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Short term smart investment options

Satkam Divya


Satkam Divya

: Mon Nov 07 2011, 03:05 hrs


There are plenty of short-term investment options available in the markets. The choice of instruments essentially will depend upon factors such as individual risk taking ability, liquidity situation, investment quantum, etc. Besides, short term investing essentially involves goal based planning e.g. looking to buy a car, down payment for a house etc. Let us now dig deeper into various short term instruments, segregated by individual risk-appetite.

Options for Conservative Investors

To start with, if goals are short-term, conservative approach is best suited as aggressive investing always needs ample time to show returns and aggressive short term investing puts capital at risk.

Fixed Deposits: Interest rates today, are near their all-time high levels. Private sector lenders including Lakshmi Vilas Bank (LVB) and Dhanlaxmi Bank are amongst the most generous ones. While 1-2 years deposits with LVB will fetch you 10.5 per cent, a 300-day deposit with Dhanlaxmi Bank will earn you an attractive 10 per cent. Also, deposits ranging 6-12 months are offering anywhere between 8-9 per cent.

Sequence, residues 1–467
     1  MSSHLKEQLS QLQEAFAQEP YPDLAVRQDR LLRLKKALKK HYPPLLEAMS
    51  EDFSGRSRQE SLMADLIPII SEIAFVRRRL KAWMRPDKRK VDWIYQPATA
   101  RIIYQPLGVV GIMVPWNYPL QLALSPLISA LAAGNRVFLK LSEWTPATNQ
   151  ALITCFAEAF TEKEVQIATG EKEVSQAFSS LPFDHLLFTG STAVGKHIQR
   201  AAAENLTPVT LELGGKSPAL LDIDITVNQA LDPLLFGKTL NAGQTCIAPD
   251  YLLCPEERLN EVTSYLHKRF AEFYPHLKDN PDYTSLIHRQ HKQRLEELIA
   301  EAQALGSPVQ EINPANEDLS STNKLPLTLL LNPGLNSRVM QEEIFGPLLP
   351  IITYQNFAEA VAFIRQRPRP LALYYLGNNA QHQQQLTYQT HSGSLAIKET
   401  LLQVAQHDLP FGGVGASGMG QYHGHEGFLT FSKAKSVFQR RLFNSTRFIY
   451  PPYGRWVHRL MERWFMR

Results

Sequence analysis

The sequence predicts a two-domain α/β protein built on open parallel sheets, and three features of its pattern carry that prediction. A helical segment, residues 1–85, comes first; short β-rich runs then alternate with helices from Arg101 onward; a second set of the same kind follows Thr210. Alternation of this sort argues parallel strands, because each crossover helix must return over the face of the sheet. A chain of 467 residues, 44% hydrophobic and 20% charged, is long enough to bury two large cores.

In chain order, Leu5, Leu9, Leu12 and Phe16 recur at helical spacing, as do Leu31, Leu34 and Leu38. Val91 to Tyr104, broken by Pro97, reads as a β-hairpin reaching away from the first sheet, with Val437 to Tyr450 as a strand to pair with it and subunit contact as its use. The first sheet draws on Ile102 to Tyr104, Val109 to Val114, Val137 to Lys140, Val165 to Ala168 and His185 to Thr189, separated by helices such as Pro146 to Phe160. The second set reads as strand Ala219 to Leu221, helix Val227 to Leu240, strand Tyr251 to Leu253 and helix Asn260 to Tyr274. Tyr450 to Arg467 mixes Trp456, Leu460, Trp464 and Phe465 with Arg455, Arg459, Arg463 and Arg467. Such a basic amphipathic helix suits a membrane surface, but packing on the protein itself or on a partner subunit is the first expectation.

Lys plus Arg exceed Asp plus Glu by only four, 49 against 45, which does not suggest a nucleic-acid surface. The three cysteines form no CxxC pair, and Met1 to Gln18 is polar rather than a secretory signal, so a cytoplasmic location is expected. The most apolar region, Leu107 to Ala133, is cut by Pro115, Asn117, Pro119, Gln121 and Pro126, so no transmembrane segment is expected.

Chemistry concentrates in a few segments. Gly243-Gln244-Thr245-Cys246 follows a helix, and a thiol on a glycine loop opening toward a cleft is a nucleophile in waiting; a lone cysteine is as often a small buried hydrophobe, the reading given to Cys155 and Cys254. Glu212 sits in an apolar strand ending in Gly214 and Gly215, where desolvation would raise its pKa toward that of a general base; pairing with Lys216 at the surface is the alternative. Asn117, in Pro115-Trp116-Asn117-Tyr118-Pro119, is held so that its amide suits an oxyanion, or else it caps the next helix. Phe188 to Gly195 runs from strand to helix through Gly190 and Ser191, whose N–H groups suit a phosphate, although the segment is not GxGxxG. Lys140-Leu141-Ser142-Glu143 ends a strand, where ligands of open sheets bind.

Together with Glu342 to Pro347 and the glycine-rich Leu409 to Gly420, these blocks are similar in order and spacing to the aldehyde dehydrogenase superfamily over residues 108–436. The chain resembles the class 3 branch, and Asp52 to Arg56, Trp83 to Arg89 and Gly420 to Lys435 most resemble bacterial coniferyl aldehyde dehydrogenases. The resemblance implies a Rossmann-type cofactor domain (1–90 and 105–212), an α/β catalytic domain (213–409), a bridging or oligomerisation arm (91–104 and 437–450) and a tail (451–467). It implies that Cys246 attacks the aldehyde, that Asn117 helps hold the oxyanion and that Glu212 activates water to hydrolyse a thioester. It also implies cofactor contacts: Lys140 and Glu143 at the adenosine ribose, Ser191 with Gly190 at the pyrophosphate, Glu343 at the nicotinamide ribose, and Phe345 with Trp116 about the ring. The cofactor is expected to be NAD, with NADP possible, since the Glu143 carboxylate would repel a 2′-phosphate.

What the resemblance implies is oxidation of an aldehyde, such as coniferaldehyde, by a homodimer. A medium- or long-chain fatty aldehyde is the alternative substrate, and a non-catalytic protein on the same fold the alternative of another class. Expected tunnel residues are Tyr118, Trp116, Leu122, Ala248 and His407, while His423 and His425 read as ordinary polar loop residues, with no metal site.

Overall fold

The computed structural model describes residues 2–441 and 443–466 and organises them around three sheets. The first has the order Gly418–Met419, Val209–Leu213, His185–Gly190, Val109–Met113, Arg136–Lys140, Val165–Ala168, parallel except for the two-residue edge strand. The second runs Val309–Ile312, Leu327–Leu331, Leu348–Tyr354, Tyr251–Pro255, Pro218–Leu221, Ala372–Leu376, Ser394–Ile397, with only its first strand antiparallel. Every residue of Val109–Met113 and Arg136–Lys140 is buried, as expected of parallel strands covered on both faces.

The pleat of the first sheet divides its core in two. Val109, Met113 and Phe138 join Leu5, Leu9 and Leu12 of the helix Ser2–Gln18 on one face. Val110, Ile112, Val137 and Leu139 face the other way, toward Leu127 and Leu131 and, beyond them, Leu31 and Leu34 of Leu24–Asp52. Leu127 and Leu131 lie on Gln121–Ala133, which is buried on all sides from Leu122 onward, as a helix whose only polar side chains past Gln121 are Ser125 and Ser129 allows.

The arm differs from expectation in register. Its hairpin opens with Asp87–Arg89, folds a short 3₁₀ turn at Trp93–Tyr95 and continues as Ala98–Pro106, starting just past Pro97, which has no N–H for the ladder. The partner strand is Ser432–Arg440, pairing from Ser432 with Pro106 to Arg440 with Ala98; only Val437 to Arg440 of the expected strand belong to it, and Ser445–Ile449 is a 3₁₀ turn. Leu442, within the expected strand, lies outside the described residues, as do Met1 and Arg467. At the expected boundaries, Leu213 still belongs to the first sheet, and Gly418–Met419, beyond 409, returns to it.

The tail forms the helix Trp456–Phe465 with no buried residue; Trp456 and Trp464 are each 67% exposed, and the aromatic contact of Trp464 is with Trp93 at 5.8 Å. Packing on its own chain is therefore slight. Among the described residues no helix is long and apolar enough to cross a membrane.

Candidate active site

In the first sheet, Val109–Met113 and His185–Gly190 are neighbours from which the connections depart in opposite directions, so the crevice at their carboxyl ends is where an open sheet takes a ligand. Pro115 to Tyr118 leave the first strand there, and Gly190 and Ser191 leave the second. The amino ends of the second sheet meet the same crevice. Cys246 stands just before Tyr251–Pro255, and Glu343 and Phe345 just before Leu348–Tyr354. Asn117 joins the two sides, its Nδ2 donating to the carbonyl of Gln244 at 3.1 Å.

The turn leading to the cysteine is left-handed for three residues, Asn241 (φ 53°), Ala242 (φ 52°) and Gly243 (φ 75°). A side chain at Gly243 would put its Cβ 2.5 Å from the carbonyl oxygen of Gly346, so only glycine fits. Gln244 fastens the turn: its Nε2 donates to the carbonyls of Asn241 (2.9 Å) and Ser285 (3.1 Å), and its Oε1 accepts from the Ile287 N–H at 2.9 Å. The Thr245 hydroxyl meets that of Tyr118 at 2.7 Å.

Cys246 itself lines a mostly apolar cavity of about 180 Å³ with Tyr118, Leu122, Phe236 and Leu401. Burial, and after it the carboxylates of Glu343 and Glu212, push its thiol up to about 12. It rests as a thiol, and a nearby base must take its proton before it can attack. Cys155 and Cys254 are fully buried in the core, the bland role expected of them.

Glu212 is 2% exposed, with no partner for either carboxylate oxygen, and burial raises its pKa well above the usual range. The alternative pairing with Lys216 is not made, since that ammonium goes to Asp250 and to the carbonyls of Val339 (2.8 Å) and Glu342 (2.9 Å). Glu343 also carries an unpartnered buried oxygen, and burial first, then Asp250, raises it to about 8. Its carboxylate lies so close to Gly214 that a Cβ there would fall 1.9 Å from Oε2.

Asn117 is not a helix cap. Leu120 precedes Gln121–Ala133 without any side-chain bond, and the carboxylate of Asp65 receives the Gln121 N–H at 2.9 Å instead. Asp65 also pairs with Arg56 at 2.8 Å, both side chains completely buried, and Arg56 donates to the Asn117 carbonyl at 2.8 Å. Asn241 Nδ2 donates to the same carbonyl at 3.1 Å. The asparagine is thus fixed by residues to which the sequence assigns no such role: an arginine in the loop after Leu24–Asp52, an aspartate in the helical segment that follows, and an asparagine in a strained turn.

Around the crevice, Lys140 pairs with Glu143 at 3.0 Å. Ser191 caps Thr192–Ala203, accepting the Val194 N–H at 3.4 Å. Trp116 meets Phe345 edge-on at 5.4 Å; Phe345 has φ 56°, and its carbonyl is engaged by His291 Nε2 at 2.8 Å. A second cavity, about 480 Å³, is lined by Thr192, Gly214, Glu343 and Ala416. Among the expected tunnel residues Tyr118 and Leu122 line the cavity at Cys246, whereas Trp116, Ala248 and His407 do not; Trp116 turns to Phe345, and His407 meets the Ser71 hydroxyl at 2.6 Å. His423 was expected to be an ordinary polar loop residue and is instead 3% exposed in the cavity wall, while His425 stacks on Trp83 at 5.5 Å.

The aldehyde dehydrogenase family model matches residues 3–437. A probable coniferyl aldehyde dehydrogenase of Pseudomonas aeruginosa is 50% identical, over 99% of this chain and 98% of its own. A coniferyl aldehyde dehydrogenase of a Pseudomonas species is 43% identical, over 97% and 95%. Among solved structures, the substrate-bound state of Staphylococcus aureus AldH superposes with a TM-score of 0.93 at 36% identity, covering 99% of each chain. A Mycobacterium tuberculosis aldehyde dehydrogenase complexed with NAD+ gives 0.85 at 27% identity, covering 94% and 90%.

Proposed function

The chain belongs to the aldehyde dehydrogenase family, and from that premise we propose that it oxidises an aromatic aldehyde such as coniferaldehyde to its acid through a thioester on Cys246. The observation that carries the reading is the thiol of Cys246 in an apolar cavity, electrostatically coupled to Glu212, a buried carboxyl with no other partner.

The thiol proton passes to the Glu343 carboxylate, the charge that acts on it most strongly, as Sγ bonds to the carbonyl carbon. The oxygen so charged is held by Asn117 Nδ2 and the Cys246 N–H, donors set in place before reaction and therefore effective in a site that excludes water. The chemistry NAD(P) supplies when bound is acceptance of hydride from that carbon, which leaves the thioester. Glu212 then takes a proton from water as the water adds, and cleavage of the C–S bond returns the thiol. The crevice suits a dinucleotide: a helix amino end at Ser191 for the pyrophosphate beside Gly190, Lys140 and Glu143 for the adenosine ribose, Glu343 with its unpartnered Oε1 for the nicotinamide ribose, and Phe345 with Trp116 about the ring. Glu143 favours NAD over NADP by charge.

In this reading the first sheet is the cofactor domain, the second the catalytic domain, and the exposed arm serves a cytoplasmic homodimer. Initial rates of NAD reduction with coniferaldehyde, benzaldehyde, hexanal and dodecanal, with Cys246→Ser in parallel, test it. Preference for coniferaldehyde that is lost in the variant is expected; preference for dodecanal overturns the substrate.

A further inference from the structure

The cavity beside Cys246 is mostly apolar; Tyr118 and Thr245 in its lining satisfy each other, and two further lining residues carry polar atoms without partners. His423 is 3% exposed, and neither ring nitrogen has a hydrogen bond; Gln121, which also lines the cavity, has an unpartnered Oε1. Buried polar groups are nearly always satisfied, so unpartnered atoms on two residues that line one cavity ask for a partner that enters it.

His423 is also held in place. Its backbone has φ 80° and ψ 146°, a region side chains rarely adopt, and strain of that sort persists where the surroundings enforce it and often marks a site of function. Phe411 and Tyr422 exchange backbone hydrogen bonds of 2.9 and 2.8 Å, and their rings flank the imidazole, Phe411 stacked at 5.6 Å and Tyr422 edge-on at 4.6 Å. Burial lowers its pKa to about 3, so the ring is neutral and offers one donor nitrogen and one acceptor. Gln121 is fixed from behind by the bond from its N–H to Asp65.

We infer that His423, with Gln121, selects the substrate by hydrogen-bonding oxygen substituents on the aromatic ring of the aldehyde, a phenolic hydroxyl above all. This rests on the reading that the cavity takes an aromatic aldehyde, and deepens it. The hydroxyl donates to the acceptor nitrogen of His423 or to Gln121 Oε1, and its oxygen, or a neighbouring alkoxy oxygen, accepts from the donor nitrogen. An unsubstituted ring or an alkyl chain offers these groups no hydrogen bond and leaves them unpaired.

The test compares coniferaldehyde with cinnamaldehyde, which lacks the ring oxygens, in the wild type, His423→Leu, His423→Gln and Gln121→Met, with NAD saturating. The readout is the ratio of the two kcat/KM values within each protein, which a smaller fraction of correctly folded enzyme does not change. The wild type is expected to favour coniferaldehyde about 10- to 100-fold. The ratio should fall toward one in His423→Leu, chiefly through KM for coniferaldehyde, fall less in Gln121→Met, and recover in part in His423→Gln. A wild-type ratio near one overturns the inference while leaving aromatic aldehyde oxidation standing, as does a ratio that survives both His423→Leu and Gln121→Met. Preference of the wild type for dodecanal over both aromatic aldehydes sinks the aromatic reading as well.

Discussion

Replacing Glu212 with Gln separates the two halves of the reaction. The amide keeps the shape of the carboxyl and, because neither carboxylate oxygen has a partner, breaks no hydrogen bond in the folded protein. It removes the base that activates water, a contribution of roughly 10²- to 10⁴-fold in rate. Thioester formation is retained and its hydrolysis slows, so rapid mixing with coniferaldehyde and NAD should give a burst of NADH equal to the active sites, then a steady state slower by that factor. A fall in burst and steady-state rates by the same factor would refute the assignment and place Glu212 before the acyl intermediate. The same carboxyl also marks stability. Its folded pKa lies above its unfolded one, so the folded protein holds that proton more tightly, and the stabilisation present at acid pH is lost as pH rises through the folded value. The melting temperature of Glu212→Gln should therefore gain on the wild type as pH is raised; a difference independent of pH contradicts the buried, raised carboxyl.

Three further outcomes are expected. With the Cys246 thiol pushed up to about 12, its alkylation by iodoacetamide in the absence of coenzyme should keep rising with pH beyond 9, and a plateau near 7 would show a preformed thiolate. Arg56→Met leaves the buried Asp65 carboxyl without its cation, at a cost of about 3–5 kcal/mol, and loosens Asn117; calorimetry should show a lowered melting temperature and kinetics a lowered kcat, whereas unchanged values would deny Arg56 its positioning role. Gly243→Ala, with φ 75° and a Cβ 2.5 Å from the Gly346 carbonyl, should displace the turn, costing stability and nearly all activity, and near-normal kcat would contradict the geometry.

Recurring deposits: RDs make sense if one does not have lump sum funds, but have enough monthly inflows to invest periodically. The interest rates on RDs are higher than savings accounts and almost similar to those on FDs and typically they are available for 6-24 months tenure. RDs are particularly useful for accumulating funds for special goals e.g. if you plan a vacation worth R 60,000 after 6 months, you can do so by creating a 6 month RD putting R 10,000 every month rather than taking a R 60,000 hit at one go.

Liquid/ Ultra Short Term Funds: A specialised form of mutual funds that invest in fixed income instruments including treasury bills, commercial paper (CPs), certificates of deposits (CDs), securitised debt etc., for extremely short-term ranging from 90-365 days. These funds provide capital protection besides liquidity and returns are better than savings bank accounts (4 per cent).

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